Write without second guessing yourself or worrying about sparkling literary devices; this can come later, when you go back and edit (we’ll touch on revising later in this article).
Instead, try and knock down the filters between yourself and the words you write down, allowing yourself the full range of material you have to work with.
Find the diamonds in the debris
“Shitty first drafts” have a way of leading to unexpected treasures—the inspired, organic moments that stay with readers long after the book is closed. When you tap into your deepest stream of consciousness in this way, you’ll find that the true heart of your plot, characters, and theme comes through in surprising ways.
This is because you’ve let go of the reins and learned to trust your characters and story.
On the “shitty first draft” process, Stephen King famously said:
“Write with the door closed, rewrite with the door open.”
This means that you write your first draft within your own mental sanctuary, and do your editing with your readership in mind. Once you reach the editing process, you can slough off all the unnecessary material you’ve accumulated to reveal the crystalline character development and plot structure underneath.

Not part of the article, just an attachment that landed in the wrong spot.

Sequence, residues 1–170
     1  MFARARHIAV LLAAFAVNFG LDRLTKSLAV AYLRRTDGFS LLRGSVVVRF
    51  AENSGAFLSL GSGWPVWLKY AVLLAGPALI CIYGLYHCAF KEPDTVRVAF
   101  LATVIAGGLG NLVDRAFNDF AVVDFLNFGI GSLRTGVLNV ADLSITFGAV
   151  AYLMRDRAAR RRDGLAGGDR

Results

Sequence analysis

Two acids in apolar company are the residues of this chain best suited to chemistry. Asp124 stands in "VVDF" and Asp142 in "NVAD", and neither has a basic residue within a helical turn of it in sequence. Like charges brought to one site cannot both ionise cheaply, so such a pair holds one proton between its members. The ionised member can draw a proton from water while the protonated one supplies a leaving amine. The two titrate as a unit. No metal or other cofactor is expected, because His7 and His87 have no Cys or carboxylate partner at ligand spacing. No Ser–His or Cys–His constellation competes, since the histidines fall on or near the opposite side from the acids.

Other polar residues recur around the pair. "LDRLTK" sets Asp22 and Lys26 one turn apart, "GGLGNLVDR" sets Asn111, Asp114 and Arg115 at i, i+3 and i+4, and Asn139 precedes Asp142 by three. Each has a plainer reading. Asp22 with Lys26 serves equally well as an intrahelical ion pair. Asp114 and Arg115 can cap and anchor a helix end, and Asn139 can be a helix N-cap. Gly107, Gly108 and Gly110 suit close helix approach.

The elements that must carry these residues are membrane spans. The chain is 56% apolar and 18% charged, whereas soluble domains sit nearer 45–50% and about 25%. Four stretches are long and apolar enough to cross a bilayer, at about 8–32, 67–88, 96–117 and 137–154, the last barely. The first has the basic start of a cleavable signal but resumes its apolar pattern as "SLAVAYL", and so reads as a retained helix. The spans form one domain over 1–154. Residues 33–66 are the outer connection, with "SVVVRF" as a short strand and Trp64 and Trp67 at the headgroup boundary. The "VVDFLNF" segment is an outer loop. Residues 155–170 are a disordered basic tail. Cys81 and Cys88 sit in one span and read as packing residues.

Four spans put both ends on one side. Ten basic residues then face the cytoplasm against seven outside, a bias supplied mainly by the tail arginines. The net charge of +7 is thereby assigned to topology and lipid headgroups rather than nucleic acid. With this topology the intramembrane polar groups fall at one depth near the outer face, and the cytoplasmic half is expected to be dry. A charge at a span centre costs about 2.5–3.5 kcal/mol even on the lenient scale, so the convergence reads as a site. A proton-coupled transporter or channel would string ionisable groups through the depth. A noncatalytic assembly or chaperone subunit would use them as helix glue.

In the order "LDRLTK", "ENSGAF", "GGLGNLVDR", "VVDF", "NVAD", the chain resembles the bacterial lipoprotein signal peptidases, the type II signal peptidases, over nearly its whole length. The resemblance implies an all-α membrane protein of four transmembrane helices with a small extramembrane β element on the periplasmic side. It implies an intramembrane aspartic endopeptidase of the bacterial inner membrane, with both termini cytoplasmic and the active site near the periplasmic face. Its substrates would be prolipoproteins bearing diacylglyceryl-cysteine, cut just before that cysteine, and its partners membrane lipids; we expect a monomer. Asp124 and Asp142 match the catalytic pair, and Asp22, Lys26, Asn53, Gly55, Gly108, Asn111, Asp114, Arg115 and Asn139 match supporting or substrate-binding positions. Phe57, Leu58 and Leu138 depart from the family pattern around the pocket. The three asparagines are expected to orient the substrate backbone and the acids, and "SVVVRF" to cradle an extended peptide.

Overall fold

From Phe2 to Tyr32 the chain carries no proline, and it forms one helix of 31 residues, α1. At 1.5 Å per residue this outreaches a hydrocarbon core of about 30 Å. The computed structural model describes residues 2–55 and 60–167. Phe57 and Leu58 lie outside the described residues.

How do you revise a shitty first draft?
Revision is one of the most rewarding parts of the writing process. This is where you get to take the malleable raw material you’ve written in your first draft and carve it into something powerful.
Let’s look at the core steps to revising the first draft of your novel or short story.
Do not skip this step. After you’ve written your first draft, take a big step back from the writing process. You’ve poured your heart into this work, which means you’re currently too close to look at it with an objective eye.
For a novel manuscript, try to take at least two weeks off before going back in with a fine-tooth blade. For a short story, try to give yourself a break of a weekend.
This might not always be possible—for example, if you’re working with a tight deadline—but do what you can to give you and your story some recuperative space. After all, you’ve earned yourself a break.
Examine the big picture
Once you’ve returned to your manuscript, take a wide-lens look at the overall plot.